Tristin Ozard, 21, receives an infusion of medication to treat Crohn’s disease. The medication, Remicade, costs his family about $8,000 a month but is the only one that works for him. (Photo courtesy of Melissa Ozard)

Tristin Ozard, 21, receives an infusion of medication to treat Crohn’s disease. The medication, Remicade, costs his family about $8,000 a month but is the only one that works for him. (Photo courtesy of Melissa Ozard)

B.C. mom speaks out about paying $8,000/month for Crohn’s disease drug

Melissa Ozard has had to seek out help to pay for her son’s medication

A Saanich resident is speaking out about the cost of prescription drugs for her son after reading that many Canadians are borrowing money just to afford medication.

Melissa Ozard’s 21-year-old son, Tristin, has Crohn’s disease — a disease that causes inflammation of the digestive tract and can lead to severe symptoms that can require hospitalization.

Tristin was diagnosed with the disease when he was eight years old.

After trying several medications that did not work for him and being in and out of the hospital, he was able to settle for one called Remicade.

Remicade costs about $8,000 per dose. For Tristin, it has brought him into remission.

READ MORE: B.C. residents rally for medication

The medication — which is made from living cell organisms — must be taken intravenously and takes about four hours to infuse. Tristin needs a dose of the medication every four weeks.

“He’s failed on every other drug before that, nothing else has worked,” said Melissa. “It used to be a last line of defense drug and on top of that, he needs more of it than the average person for it to work.”

She noted her son used to go to a clinic in Vancouver to receive the medication at a pediatric facility. At the time, the cost of the drug was completely covered.

Now that he has aged out of the pediatric system, he receives treatment on the Island, but the cost is no longer covered.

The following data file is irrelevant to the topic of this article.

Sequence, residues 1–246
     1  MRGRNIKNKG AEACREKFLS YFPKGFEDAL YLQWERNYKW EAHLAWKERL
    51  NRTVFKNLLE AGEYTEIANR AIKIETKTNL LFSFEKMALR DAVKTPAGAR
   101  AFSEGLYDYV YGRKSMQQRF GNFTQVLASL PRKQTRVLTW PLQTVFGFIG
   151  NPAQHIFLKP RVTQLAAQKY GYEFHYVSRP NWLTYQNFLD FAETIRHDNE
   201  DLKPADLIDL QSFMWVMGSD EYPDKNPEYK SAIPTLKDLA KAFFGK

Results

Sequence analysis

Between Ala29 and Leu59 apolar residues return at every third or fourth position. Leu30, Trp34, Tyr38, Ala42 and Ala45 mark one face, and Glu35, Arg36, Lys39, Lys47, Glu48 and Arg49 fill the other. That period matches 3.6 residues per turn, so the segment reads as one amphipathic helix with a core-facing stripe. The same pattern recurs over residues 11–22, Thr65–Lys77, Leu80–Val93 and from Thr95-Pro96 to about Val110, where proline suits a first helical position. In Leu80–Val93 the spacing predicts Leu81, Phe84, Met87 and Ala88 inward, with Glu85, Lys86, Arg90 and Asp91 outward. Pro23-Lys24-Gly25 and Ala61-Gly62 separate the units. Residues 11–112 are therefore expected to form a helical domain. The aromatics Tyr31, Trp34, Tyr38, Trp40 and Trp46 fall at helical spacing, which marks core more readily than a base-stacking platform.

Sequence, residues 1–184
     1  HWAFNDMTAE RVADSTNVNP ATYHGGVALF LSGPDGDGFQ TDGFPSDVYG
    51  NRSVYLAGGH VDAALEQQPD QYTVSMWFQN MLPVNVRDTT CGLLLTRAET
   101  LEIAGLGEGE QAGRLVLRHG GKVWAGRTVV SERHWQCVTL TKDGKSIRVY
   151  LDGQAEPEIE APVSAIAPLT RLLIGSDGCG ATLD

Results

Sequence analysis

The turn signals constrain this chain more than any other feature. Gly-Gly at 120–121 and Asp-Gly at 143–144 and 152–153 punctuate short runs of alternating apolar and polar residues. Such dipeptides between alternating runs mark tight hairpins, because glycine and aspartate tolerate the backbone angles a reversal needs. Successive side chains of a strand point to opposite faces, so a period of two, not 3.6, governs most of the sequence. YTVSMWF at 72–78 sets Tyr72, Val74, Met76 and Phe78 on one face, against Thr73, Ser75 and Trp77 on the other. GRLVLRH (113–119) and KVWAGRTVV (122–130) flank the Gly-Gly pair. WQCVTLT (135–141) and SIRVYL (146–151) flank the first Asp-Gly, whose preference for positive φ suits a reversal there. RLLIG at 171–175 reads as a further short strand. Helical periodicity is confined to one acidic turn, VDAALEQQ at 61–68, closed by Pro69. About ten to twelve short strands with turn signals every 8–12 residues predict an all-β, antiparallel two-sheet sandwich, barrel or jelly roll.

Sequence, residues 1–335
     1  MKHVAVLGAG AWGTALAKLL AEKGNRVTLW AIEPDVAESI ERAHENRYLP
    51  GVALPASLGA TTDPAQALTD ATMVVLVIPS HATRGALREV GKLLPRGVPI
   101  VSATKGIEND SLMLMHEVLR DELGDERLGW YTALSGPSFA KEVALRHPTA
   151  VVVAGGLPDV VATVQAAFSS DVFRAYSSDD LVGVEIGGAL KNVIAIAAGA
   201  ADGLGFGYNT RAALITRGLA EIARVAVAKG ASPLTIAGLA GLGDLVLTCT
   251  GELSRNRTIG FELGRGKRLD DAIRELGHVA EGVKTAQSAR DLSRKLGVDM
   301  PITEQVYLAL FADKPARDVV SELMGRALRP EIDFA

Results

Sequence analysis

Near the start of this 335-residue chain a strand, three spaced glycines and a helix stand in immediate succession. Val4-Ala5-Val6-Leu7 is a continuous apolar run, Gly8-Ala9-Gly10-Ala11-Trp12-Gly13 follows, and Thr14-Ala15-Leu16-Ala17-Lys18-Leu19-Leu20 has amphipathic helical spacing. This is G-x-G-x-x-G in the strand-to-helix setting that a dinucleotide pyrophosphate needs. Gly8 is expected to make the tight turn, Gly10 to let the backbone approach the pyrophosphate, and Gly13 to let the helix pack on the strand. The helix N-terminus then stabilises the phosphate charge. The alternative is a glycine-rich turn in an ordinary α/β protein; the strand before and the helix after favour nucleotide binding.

Ozard said PharmaCare originally offered to pay for half of his doses, leaving the family with a bill of about $4,000 a month to keep him on it.

However, PharmaCare has retracted their offer and as of August, said nothing would be covered, according to Melissa.

“They said his dose is too high … because he requires it every four weeks they won’t cover it at all,” she noted. “They found a loophole.”

READ MORE: Health committee cheers idea of national Pharmacare program, but cost an issue

Melissa and her husband put every dollar they have into Tristin’s medication and have even asked family and friends for help through a GoFundMe page.

“The issue for us is every month going to family members and saying ‘can you help us?’” she said. “It’s humiliating and horrific and we’re putting them in a horrible position.”

But they do what they need to for their son, who is enrolled in college courses and would not be able to afford the medication on his own.

On top of his Crohn’s diagnosis, Melissa said Tristin deals with mental illness and is receiving disability support from the province.

There is an option to get some coverage through a patient assistance program but she said her son would have to surrender all of his medical records to a pharmaceutical company and receive his medication at a private site instead of a hospital.

Tristin sees many doctors due to his mental illness and because of that, is not comfortable giving his medical records out.

The private sites, Melissa said, have also been known to not keep the medication he takes at the appropriate temperature necessary.

READ MORE: Federal budget fosters Pharmacare, pot-based drugs